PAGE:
One of the most beau­ti­ful aspects of film­mak­ing as an art form is that the best exam­ples of it tran­scend nation­al and cul­tur­al bar­ri­ers.  There are cer­tain arche­typ­al char­ac­ters and premis­es that will res­onate with every­one, no mat­ter where they live.  If you’re a smart film­mak­er, you can tap into those arche­typ­al ele­ments and com­bine them with your own cul­tur­al con­cerns in a way that lends them a fresh voice.  Brazilian Western pro­vides a solid exam­ple of how this can be done: though it dis­tinct­ly reflects the atmos­phere and BrazWes-blusocial con­cerns of the tit­u­lar coun­try, it’s built on time­less sto­ry­telling con­ceits that any non-Brazilian film fan can relate to.

The plot was inspired by a famous Brazilian song with the same title: Joao (Fabricio Boliviera) trav­els to the big city to find his for­tune after his moth­er pass­es away.  He falls in with Pablo (Cesar Trancoso), a dis­tant rel­a­tive who hap­pens to be a small-time drug king­pin.  He dis­patch­es Joao to move some mar­i­jua­na in the city for him and Joao quick­ly runs afoul of big-time deal­er Jeremia (Felipe Abib), who works with the pro­tec­tion of cor­rupt cop Marco (Antonio Calloni).  While dodg­ing them, Joao cross­es paths with Maria (Isis Valverde), a gor­geous politician’s daugh­ter who falls for Joao’s sto­ic per­sona.  She’s also some­one who Jeremias cov­ets so the stage is soon set for a com­bi­na­tion of gang­ster movie the­atrics and roman­tic tragedy.

Anyone slight­ly famil­iar with crime melo­dra­mas will rec­og­nize the­se sto­ry beats but they’re also like­ly to be impressed by how Brazilian Western han­dles them.  The script by Victor Atherino and Marcos Bernstein is care­ful to couch the­se nar­ra­tive con­ceits in the dis­tinc­tive Brazilian set­ting, using them to sub­tly but point­ed­ly com­ment on social con­cerns like ram­pant police cor­rup­tion and the racism towards dark­er-skinned cit­i­zens that affects both rural and met­ro­pol­i­tan areas of the coun­try.  The crime ele­ments dove­tail with the­se themes in a way that gives them more res­o­nance than you might exBrazWes-01pect.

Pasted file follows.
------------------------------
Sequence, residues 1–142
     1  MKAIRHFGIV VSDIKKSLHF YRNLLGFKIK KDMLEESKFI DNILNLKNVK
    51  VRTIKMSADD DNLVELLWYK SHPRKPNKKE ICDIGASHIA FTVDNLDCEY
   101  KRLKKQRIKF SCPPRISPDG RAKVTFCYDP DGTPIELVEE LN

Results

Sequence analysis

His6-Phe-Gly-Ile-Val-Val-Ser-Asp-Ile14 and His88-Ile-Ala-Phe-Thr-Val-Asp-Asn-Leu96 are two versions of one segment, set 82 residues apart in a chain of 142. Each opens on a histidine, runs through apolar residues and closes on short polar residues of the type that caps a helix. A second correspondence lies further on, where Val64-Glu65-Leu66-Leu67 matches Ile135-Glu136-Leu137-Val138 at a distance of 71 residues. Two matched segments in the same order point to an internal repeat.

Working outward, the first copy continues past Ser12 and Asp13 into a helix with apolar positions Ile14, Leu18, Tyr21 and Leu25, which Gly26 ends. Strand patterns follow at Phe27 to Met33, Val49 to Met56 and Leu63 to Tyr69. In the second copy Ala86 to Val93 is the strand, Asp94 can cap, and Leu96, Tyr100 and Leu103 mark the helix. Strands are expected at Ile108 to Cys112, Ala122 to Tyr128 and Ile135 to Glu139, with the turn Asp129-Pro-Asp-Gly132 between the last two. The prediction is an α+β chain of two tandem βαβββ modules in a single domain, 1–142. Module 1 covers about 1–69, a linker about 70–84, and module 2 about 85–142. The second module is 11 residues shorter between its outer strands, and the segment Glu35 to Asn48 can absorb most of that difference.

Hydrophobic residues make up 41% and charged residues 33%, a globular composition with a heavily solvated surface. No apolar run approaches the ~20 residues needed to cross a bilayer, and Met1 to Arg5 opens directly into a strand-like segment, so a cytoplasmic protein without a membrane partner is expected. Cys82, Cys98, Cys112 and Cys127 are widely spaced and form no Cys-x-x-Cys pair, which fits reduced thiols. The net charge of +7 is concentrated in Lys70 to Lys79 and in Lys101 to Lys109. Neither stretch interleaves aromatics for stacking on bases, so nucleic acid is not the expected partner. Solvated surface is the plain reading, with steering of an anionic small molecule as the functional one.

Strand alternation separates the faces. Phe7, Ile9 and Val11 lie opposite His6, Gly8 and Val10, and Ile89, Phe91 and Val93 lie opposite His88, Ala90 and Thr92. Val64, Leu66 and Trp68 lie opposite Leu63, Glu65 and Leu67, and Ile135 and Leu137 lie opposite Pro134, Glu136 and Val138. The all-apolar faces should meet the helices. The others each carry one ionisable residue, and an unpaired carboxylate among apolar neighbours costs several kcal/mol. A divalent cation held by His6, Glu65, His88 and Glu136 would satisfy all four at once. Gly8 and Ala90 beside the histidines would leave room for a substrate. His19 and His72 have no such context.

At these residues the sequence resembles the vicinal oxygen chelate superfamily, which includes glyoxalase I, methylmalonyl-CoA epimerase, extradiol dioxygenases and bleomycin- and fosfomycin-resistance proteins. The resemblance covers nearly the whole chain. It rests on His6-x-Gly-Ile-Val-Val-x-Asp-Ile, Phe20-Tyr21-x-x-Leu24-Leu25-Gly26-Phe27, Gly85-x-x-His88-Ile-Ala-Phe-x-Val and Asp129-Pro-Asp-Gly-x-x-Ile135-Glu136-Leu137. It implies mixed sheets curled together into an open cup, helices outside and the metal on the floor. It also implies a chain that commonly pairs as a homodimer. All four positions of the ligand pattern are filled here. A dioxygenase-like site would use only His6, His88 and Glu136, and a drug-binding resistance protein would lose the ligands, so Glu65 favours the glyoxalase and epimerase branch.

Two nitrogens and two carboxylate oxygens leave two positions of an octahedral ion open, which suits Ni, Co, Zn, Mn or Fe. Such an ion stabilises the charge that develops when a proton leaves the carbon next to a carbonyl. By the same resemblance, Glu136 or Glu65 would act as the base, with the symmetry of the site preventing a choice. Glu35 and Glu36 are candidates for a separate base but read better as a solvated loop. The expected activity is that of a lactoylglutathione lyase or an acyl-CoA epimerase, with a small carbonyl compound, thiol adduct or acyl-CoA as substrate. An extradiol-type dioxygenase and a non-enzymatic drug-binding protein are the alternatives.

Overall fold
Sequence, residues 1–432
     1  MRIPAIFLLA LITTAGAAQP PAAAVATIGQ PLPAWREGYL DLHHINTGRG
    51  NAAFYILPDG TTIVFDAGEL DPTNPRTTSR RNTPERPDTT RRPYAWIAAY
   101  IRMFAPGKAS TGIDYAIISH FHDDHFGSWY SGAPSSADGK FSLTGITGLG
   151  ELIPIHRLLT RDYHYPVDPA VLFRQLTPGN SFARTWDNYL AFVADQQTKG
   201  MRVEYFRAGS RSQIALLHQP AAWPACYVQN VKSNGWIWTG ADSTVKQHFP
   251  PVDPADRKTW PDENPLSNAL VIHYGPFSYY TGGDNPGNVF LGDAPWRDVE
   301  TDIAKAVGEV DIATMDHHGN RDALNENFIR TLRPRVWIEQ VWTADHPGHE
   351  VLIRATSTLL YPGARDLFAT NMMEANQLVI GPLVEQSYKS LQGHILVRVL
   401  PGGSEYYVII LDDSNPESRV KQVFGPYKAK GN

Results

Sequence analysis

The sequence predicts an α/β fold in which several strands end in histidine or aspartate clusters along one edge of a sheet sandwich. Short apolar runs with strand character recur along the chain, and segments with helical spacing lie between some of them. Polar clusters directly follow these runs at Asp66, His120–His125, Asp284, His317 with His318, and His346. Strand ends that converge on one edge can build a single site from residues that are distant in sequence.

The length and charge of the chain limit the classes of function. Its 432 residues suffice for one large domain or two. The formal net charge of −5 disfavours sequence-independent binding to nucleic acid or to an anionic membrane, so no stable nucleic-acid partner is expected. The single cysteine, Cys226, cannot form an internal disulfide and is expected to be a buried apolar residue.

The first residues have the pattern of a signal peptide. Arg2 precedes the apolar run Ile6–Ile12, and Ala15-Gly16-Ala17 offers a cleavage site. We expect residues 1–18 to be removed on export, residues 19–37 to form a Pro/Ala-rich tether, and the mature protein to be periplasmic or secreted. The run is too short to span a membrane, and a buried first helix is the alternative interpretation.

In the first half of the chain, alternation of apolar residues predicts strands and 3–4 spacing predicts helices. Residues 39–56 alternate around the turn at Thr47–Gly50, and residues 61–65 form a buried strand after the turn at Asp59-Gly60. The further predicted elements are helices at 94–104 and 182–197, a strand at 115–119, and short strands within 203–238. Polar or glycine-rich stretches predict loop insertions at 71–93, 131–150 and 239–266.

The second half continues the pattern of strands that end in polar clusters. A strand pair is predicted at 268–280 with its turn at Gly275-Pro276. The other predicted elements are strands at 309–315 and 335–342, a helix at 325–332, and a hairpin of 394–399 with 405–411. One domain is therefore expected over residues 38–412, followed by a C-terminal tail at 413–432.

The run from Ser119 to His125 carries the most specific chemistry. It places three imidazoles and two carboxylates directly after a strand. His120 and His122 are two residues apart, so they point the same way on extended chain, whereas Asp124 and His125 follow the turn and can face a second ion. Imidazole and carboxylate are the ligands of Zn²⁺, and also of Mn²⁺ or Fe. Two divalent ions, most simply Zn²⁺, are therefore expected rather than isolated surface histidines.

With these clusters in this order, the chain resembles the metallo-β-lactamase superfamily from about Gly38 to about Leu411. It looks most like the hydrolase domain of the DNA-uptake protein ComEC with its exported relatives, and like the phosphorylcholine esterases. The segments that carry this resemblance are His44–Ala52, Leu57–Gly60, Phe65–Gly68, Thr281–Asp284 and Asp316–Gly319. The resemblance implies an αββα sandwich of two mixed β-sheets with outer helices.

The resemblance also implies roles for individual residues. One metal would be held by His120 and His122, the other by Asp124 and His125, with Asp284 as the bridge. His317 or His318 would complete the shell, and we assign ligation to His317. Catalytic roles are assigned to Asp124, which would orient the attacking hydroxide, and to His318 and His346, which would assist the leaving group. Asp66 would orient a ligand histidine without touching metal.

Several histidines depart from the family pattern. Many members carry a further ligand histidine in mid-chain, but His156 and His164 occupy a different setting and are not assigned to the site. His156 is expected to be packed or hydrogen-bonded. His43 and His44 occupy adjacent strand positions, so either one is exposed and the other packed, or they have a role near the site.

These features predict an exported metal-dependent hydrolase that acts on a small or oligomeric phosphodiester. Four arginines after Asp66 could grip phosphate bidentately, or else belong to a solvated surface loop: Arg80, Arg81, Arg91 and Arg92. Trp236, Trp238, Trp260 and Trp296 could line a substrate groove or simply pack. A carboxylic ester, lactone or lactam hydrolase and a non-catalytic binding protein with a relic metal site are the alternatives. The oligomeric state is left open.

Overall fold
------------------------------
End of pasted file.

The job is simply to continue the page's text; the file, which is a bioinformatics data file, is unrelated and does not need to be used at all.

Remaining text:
It also helps that direc­tor Rene Sampaio directs Brazilian Western in a way that focus­es on the char­ac­ters and their set­ting over push­ing com­mer­cial crime-flick con­cerns.  He’s very atten­tive to atmos­phere, deft­ly using gor­geous, nat­u­ral­ly-lit cin­e­matog­ra­phy from Marcio Hashimoto Soares to cap­ture both the beau­ty and the grit of the sto­ry­line and an under­stat­ed rock score.  He’s capa­ble of styl­iz­ing nice­ly when the sto­ry demands it — like a gen­uine spaghet­ti west­ern-style stand­off at the finale — but is also capa­ble of bring­ing a del­i­cate inti­ma­cy to the roman­tic sce­nes.

Finally, the per­for­mances are solid.  Boliviera off­sets his character’s sto­ic pose with a smol­der­ing inten­si­ty that he express­es via his eyes and Valverde has a like­able earth­i­ness and humor that lends dimen­sion to her star­crossed love inter­est role.  Abib gives a ham­my per­for­mance but BrazWes-02it’s the right kind of ham­my, one that suits the make-the-audi­ence-boo vil­lainy his role requires, and Calloni off­sets Abib’s approach by under­play­ing his sleazy cop role in a mat­ter-of-fact way that makes the per­for­mance stick.

In short, Brazilian Western does well by its arche­typ­al crime flick ele­ments by giv­ing them an emo­tion­al depth and a social con­scious­ness that is like­ly to remind film buffs why they respond to this kind of sto­ry.

Blu-Ray Notes: Brazilian Western recent­ly received a U.S. release from Shout! Factory in a blu-ray/DVD com­bo pack.  The trans­fer on both discs does well by the film’s rich cin­e­matog­ra­phy, with the blu-ray real­ly mak­ing the col­ors and the fine details pop.  Both 5.1 and 2.0 stereo tracks are pro­vid­ed, with English sub­ti­tles and in loss­less form on the blu-ray.  The 5.1 track was lis­tened to for this review and its nice­ly immer­sive with­out being too showy in its use of sound.  Extras include two trail­ers and a 25 min­ute mak­ing-of piece in which the film­mak­ers dis­cuss the chal­lenges of adapt­ing a song into a full sto­ry­line and the actors offers their takes on their roles.